“As impressive as these results are, currently approved drugs still ultimately fail in the majority of patients and the side effect profile of the combination of nivolumab and ipilimumab is not trivial,” he explained. “Nevertheless, it is hard to imagine the next decade of advances of kidney cancer therapy without checkpoint inhibitors at the center of the action. The potential path forward focusing on combinational approaches is outlined in the excellent Powles and Rini review.”
Primed for Response
Although it is too soon to know which novel agent or drug under development holds the most promise in the treatment of metastatic clear cell renal cancer, Rini said those in the latest stages of clinical testing may bear watching, such as an interleukin-2. This product will be developed in combination with either nivolumab or the combination of nivolumab and ipilimumab, he noted.
Meanwhile, it is clear that immune system manipulation will be the core focus of research and drug development for the treatment of advanced kidney cancer in the foreseeable future.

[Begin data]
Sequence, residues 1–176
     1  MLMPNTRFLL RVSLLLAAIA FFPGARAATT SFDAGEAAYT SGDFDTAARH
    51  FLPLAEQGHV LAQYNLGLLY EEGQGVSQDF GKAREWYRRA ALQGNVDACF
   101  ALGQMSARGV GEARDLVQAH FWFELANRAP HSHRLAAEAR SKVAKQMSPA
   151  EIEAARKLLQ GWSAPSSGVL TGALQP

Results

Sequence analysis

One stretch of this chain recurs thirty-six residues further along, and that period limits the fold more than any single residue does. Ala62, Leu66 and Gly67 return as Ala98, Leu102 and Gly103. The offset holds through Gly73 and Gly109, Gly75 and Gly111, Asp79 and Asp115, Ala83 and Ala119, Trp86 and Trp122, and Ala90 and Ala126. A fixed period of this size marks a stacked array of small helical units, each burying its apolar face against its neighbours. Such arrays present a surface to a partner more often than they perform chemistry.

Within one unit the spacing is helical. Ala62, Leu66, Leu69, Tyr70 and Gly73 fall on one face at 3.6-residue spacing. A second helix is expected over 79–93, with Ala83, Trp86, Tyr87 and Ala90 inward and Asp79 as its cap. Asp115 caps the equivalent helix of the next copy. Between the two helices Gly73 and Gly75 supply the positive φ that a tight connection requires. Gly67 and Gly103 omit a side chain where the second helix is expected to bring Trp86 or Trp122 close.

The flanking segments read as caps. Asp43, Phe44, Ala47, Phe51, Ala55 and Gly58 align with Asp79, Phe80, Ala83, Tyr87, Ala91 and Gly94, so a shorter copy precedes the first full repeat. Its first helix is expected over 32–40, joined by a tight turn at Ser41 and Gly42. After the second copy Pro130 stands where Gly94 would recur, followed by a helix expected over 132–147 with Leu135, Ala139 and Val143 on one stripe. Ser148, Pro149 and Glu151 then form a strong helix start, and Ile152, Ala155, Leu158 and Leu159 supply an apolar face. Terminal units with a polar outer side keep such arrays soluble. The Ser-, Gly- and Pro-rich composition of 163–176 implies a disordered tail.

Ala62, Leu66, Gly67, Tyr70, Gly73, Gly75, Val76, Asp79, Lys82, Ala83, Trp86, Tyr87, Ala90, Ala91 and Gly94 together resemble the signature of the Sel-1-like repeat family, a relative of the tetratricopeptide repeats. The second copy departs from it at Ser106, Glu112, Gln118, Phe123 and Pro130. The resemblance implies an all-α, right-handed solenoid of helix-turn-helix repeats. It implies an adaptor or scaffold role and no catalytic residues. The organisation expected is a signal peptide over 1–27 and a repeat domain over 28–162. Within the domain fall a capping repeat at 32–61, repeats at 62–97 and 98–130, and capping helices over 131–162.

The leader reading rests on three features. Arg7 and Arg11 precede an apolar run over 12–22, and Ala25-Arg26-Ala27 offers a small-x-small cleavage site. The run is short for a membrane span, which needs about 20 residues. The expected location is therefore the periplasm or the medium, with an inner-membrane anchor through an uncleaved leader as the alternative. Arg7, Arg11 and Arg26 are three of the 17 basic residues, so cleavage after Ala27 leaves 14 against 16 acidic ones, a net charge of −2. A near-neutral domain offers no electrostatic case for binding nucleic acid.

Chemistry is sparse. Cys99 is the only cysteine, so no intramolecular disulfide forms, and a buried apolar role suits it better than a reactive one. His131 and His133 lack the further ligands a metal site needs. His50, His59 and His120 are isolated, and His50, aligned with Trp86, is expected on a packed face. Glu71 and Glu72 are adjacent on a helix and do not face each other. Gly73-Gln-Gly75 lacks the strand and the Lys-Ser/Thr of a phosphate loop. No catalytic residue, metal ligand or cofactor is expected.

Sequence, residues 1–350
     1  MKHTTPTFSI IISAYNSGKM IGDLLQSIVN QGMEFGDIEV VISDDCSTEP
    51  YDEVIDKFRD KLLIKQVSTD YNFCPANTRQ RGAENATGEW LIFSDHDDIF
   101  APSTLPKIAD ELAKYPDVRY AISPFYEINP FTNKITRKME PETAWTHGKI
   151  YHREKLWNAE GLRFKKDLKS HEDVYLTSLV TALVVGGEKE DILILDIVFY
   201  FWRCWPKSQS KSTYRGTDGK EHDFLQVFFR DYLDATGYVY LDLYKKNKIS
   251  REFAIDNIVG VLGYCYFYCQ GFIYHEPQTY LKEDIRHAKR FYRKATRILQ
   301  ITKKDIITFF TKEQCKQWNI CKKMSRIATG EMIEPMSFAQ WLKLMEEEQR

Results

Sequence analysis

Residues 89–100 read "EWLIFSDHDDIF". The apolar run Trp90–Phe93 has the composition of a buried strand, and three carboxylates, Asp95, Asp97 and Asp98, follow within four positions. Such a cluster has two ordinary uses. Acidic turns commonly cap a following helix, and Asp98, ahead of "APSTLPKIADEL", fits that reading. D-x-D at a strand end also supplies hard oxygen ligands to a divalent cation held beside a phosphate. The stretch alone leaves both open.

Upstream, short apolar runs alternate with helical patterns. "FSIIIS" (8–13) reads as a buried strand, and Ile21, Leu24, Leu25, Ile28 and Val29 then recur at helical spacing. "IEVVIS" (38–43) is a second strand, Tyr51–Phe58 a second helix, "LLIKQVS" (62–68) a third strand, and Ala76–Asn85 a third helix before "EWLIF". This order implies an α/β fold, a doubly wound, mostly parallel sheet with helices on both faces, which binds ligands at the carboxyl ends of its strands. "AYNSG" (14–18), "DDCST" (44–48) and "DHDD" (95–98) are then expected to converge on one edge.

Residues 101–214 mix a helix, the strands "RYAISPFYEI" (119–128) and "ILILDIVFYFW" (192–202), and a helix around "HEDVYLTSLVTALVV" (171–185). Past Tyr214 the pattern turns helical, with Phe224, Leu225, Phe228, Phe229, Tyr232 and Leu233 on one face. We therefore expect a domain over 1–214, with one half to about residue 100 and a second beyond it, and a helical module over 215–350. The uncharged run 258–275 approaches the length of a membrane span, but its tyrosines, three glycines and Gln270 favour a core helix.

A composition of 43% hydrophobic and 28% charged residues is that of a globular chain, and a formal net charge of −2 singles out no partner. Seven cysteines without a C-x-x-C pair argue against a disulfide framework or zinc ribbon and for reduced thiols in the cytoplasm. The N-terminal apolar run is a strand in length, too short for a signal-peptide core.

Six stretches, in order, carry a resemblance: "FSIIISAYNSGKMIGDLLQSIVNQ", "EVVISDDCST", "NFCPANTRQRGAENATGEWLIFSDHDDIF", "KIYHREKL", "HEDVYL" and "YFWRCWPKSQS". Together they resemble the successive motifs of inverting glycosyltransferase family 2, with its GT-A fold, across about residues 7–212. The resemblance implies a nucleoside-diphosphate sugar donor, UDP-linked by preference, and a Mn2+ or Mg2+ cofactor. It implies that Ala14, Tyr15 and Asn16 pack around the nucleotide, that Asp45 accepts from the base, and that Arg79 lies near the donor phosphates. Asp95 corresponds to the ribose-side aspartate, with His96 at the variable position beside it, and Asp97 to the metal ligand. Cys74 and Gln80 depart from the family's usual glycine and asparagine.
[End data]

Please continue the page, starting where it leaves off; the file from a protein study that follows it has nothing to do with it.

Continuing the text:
“Kidney cancer has always been immune responsive. It has PD-L1 expression and the fact that it is infiltrated with key leukotrienes has been known for decades, so it has the right immune environment for response,” Rini noted. “A lot of what we are doing now in kidney cancer is immune system manipulation. Certainly, that's the latest wave of approved therapy. And it's going to be the next immediate wave of therapy as well, I think.”
Chuck Holt is a contributing writer.